It’s been nearly a year since Molly Waitz helped establish a non-profit group in memory of her friend, who died at the age of 20.
The organization is called Kait’s Angels in memory of Kaitlyn Doorhy, a 2012 Mattituck High School graduate who was killed Aug. 22, 2014, after she was struck by a car while crossing the street near her sorority house by Sacred Heart University in Fairfield, Conn. The high achiever and honors student was a junior with aspirations of becoming an attorney.
In high school, Kaitlyn played multiple sports and musical instruments, earned the rank of chief in the high school’s NJROTC program and was named the 2011 Strawberry Queen at the annual Mattituck Lions Club Strawberry festival, among other accomplishments.
During a memorial service at Our Lady of Good Counsel Church in Mattituck marking the one-year anniversary of her death, Kaitlyn’s mother, Darla, addressed a standing-room only crowd where most people wore pink — Kaitlyn’s favorite color. She told the story of how her daughter saved several people’s lives by becoming an organ donor, something she decided to do at the age of 16.
For Ms. Waitz, who co-founded Kait’s Angels with fellow Mattituck residents Tim Bialeski and Jon Demopoulos, the past year has meant keeping Ms. Doorhy’s ambitions alive by organizing volunteer efforts that instill hope and kindness in others.
For inspiring compassion among youth and helping others, Kait’s Angels is The Suffolk Times’ People of the Year for 2015.
The organization has raised money for local families in need, including a yard sale to benefit Benjamin Pileski. The 20-year-old Mattituck High School graduate was on leave from the U.S. Navy when he was critically injured July 5 after being struck by a taxi while crossing the street in Montauk.
The group has also hosted fun community events and donated Buddy Benches to elementary schools across the North Fork to help teach children the importance of friendship. At the dedication of the first bench at Cutchogue East Elementary School, Kaitlyn’s father, Joe, said he was “overwhelmed with the outpouring [of support] from the community.”
“It’s a bittersweet day,” he said. “I can’t thank the people of this community enough for everything they’ve done.”
Ms. Waitz said it’s all just an extension of Kaitlyn’s good deeds.
“The stuff that Kaitlyn did while she was here — we didn’t want it to end,” she said. “We wanted to pick up where she left off.”
In a recent interview, Mr. Demopoulos said he decided to help create Kait’s Angels after reading about Ms. Doorhy’s life — something he said inspired him to be “more productive, positive and to think bigger.”
Mr. Demopoulos, who graduated from Mattituck High School in 2004 and has a background in film and graphic design, volunteered to create the group’s website — his first — and handle its social media accounts, including Facebook, Twitter and Instagram, by posting positive and inspirational messages.
“We want this to be big, with people spreading this message of positivity,” he said. “Just looking at the future, it’s exciting to see who it will be able to reach.”
Kait’s Angels president William Araneo — who is also a longtime member of the Mattituck Lion’s Club, the group that provided immediate support to establish the organization’s legal status as a nonprofit — said he enjoys how well Kait’s Angels has engaged with the community. One way it has achieved this is with Kait’s Kits, a bundle containing Kait’s Angels merchandise like T-shirts, travel mugs and bracelets. The group also encourages others to perform good deeds and to “pass them forward” by giving a Kait’s Angels card to their recipients.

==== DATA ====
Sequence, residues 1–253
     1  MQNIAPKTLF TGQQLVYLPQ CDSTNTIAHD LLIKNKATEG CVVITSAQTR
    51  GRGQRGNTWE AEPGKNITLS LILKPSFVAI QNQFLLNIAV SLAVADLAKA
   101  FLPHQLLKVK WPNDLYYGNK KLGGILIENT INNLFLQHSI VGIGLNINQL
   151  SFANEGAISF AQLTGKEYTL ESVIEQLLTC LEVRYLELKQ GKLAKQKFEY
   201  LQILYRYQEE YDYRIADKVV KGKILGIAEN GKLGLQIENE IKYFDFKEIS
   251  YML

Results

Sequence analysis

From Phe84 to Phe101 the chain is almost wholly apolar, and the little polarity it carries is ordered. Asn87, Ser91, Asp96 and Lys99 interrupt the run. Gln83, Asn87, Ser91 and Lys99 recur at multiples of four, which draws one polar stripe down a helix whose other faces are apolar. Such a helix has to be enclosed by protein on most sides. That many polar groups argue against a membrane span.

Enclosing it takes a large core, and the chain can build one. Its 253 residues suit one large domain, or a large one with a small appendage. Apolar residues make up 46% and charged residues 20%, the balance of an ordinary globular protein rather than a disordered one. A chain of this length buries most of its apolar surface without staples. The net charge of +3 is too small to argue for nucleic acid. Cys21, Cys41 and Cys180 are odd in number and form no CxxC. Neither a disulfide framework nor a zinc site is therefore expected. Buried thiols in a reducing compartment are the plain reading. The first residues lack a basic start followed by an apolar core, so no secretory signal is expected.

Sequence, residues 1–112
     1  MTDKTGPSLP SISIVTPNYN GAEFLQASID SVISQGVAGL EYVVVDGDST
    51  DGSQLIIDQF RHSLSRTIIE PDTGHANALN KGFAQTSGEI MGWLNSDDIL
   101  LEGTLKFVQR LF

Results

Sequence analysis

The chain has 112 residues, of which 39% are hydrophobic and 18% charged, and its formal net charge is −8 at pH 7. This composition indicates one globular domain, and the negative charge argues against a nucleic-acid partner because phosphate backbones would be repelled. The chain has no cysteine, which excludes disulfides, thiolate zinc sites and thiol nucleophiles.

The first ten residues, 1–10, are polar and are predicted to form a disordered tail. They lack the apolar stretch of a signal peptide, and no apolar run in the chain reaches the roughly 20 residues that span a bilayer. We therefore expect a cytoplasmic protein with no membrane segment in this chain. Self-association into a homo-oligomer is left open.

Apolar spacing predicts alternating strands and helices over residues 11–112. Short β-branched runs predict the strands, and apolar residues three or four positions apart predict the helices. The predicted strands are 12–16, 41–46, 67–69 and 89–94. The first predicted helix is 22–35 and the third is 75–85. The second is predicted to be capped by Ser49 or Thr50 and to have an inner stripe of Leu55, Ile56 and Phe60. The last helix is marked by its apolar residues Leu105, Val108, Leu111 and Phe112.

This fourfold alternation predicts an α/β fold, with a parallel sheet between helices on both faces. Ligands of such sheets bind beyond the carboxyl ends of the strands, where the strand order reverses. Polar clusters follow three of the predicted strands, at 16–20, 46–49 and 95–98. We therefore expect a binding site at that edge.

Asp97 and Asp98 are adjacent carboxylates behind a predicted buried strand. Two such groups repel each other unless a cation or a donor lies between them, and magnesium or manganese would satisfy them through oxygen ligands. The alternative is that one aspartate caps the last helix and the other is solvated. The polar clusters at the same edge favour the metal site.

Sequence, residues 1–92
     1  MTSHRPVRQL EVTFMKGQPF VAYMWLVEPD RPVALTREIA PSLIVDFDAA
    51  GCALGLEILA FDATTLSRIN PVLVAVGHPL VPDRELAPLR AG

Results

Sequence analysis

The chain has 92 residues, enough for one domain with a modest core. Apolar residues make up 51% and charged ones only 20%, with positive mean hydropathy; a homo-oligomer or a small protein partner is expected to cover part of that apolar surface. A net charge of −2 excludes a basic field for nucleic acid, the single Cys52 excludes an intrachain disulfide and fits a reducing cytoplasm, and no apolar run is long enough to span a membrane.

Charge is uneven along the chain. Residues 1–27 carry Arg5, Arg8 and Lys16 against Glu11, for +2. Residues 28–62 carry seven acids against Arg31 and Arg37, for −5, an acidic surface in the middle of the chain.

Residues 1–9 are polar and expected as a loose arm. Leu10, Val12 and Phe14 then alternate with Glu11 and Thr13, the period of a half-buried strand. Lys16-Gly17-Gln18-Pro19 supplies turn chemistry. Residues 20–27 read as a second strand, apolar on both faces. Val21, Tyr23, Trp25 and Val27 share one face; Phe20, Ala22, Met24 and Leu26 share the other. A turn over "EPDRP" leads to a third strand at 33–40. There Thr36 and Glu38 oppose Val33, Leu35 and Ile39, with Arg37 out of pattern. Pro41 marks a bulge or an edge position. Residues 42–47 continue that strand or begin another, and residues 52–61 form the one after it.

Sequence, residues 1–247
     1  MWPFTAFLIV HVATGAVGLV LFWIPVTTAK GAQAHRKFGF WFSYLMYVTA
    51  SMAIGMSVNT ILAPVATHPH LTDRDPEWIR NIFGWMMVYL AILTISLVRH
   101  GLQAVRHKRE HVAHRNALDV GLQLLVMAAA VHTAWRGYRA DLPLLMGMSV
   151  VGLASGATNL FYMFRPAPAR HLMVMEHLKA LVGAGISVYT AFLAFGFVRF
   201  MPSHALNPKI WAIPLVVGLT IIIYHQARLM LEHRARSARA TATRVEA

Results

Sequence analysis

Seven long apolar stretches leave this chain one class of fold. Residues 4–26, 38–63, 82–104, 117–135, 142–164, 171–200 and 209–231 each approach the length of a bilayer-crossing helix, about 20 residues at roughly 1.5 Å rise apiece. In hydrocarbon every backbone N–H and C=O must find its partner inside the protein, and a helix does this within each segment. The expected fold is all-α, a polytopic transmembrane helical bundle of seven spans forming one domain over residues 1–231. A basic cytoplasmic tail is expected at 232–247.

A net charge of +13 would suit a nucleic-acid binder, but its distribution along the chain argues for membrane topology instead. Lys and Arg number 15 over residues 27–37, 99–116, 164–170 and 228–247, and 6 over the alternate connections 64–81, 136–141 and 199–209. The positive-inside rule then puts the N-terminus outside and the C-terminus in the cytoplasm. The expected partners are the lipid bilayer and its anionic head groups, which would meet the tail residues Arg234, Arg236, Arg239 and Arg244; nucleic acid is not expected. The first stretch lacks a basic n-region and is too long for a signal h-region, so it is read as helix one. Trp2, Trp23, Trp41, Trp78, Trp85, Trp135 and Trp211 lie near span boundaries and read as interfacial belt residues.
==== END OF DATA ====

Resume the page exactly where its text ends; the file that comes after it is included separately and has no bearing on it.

In addition, the group has hosted several fundraisers, including a “Paint and Taste” event at Macari Vineyards and a designer handbag WINGO night and poker run, with proceeds going to local families in need.
Jane Flinter, a longtime Mattituck resident, described the group as inspirational and said she’s grateful it donated a gift basket to a close friend and neighbor who is battling cancer.
“They have made so many community members count their blessings and, even more importantly, share those blessings with others,” Ms. Flinter said. “They have turned a tragic event into something that transcends grief and brings joy.”
The group has big plans for 2016, including starting new chapters in other states and organizing youth programs.
Mattituck School District Superintendent Anne Smith described Kait’s Angels’ mission as being more than being a charitable organization, since it encourages compassion and friendship.
“The best leaders lead themselves — and Kaitlyn was really that kind of a leader,” Dr. Smith said. “She was always looking ahead at what she wanted to do, but never hesitated to look left and right to see who’s with her.”
Top photo: Kait’s Angels volunteers put together their first Poker Run fundraiser July 26 at Mattituck High School. The charity organization was established last year in memory of Kaitlyn Doorhy and has raised money for local families in need. (Credit: Katharine Schroeder, file)
2014 — Jeff Heidtmann
2013 — David Gamberg and Michael Comanda
2012 — Southold Emergency Response Team
2011 — Paul and Barbara Stoutenburgh
2010 — Scott Russell
2009 — Ryan Creighton
2008 — North Fork NJROTC
2007 — Maureen’s haven
2006 — Southold Town Animal Shelter
2005 — Ronnie Wacker
2004 — Josh Horton
2003 — Regina Maris Crew
2002 — Colin Van Tuyl
2001 — Frank LePré
2000 — Ellie Hall
1999 — Sister Margaret Smyth
1998 — Reverend Lynda Clements
1997 — Tim Caufield
1996 — Dr. Micah Kaplan
1995 — David Kappell
1994 — Bob Levy
1993 — Walter Dohm
1992 — Reverend Summers
1991 — Planning Conference
1990 — 350th Committee
1989 — Lynne Richards
1988 — Franklin Bear
1987 — Linda Graham